Growth of Global Solar and Wind Energy Continues to Outpace Other Technologies

New Worldwatch Institute study examines the global market for solar and wind energy production.


| August 12, 2013



Use of wind energy

Solar power consumption increased by 58 percent, and the use of wind power increased by 18 percent.


Photo by Fotolia/chungking

Global use of solar and wind energy continued to grow significantly in 2012. Solar power consumption increased by 58 percent, to 93 terrawatt-hours (TWh), and the use of wind power increased by 18 percent, to 521 TWh. Although hydropower remains the world's leading renewable energy, solar and wind energy continue to dominate investment in new renewable capacity and are quickly becoming the highest-profile renewable energy sources, write Worldwatch staff in the Institute's latest Vital Signs Online trend.

Global solar and wind energy capacities continued to grow even though new investments in these energy sources declined during 2012. Global investment in solar energy in 2012 was $140.4 billion, an 11 percent decline from 2011, and wind investment was down 10 percent, to $80.3 billion. But due to lower costs for both technologies, total installed capacities grew sharply.

Solar photovoltaic (PV) installed capacity grew by 41 percent in 2012, reaching 100 gigawatts (GW). Over the past five years alone, installed PV capacity grew by 900 percent from 10 GW in 2007. The countries with the most installed PV capacity today are Germany (32.4 GW), Italy (16.4 GW), the United States (7.2 GW), and China (7.0 GW).

Europe remains dominant in solar, accounting for 76 percent of global solar power use in 2012. Germany alone accounted for 30 percent of the world's solar power consumption, and Italy added the third most capacity of any country in 2012 (3.4 GW). Spain added the most concentrating solar thermal power capacity (950 MW) in 2012 as well. However, Italy reached the subsidy cap for its feed-in tariff (FIT) program in June 2013 while Spain recently made a retroactive change in its FIT policies, meaning growth in solar energy will likely slow in these countries in the near future.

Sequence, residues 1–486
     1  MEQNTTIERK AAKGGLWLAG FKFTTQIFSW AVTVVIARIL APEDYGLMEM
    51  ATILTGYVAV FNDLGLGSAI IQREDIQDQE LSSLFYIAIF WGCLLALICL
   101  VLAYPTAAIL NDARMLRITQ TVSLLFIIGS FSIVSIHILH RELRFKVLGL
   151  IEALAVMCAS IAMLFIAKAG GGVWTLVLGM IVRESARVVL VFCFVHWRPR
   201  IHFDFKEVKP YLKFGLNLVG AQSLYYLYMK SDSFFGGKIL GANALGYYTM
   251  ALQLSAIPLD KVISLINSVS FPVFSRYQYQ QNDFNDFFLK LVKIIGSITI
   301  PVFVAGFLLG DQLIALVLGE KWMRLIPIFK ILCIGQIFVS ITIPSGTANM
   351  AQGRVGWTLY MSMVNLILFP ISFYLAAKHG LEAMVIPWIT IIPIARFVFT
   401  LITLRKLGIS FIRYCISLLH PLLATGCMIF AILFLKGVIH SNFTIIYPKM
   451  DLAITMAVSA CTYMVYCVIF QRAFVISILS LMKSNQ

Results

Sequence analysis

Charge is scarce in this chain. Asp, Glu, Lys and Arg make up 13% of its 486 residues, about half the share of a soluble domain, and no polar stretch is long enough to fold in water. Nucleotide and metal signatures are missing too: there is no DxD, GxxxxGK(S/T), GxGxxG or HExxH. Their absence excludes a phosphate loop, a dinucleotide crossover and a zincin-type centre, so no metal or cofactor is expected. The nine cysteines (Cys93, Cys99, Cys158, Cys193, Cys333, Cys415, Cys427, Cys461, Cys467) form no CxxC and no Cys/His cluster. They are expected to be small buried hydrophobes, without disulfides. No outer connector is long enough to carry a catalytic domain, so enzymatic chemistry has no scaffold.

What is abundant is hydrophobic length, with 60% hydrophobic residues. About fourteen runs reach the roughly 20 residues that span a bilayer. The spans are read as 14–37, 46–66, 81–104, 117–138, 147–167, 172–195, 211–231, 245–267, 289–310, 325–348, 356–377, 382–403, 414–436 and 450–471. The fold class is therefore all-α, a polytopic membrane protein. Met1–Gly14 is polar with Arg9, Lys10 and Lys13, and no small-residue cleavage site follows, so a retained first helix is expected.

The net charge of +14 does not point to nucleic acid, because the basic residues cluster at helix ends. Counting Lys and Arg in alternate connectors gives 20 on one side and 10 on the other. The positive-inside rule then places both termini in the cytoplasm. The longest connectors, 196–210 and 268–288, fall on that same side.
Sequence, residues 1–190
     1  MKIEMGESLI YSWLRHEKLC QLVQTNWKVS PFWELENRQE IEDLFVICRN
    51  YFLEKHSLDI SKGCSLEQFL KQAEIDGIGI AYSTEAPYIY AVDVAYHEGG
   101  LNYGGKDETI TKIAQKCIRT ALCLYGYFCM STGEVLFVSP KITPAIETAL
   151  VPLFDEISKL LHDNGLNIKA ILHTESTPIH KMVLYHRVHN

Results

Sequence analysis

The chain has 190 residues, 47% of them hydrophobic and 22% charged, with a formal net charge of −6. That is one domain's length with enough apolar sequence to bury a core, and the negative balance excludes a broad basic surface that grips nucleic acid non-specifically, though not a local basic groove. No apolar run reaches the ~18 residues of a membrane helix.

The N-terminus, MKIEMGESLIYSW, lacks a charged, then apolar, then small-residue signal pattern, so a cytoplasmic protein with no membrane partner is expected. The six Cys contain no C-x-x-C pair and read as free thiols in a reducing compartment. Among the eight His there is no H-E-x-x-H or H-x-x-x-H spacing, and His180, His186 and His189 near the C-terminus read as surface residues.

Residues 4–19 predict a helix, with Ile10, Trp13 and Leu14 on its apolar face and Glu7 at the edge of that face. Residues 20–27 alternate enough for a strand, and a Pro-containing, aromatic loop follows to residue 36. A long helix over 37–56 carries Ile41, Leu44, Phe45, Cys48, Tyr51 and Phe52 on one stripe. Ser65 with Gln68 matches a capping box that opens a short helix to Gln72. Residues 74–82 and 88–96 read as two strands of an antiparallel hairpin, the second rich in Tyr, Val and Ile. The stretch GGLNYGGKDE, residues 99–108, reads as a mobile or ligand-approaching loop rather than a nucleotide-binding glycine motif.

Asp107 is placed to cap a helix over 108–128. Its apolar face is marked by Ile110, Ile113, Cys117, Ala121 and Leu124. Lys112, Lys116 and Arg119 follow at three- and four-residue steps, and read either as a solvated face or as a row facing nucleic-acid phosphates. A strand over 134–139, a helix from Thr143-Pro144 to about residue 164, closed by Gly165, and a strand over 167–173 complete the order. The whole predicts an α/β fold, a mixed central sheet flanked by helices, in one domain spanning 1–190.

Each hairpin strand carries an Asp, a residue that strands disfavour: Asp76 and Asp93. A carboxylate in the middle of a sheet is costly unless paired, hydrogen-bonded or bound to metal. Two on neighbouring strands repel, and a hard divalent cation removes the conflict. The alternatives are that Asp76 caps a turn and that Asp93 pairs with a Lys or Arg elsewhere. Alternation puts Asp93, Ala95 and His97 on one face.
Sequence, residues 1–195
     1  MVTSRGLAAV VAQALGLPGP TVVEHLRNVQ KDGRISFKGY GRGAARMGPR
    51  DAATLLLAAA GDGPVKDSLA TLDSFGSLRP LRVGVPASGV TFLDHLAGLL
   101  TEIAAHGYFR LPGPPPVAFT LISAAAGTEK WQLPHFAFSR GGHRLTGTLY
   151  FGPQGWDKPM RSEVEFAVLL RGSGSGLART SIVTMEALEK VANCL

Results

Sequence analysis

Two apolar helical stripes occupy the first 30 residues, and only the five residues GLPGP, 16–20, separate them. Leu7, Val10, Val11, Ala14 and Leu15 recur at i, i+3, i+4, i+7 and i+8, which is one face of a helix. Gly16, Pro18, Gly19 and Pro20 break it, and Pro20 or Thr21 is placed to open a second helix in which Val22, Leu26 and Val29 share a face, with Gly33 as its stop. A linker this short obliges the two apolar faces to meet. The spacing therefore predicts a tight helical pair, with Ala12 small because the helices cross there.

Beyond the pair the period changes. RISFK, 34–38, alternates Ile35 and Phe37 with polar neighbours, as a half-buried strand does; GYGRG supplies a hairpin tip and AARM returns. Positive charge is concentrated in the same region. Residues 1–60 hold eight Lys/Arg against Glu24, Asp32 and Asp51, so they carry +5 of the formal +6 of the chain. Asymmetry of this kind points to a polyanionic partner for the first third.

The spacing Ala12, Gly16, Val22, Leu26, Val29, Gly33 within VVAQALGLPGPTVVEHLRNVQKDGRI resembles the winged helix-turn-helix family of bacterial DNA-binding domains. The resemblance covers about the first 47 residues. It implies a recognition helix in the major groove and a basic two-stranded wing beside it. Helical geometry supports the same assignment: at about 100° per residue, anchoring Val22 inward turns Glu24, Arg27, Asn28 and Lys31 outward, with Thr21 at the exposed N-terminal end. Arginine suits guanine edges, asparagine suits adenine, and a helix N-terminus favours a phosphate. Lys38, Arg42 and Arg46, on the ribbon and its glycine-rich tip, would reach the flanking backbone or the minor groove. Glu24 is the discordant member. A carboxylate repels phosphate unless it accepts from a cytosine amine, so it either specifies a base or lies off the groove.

Due to slowing global economic growth, easing demand, and oversupply, there were significant net losses in the Chinese PV industry, which supplies more than half of the world market. The net losses have been exacerbated by growing trade wars between China and both the European Union (EU) and the United States after these regions accused Chinese companies of dumping solar panels on their markets. Meanwhile, China's domestic demand is likely to grow. The country's 12th Five-Year Plan aims to reach 21 GW installed solar capacity by 2015 and 50 GW by 2020.

Total installed wind capacity edged up in 2012 by 45 GW to a total of 284 GW, an 18.9 percent increase from 2011. In keeping with recent years, the majority of new installed capacity was concentrated in China and the United States, which reached total installed capacities of 75.3 GW and 60 GW, respectively.

windyoldman
8/16/2013 9:06:16 AM

Polysilicon production is solar's dirty little secret. Polysilicon, or "poly" is the raw material used for making solar cells and requires a massive amount of energy to create. Once the stock is created, it must still be milled, fabricated, and installed in panels...consuming more energy, most likely from fossil fuel or nuclear energy sources. The reactors create a toxic by-product, they are hot and under massive pressures... the reaction is very tricky. Unlike both solar and nuclear power, there are no reactors or waste products, and the power density is 100-1000 times that of solar. The US is taking the correct course to develop wind over solar.






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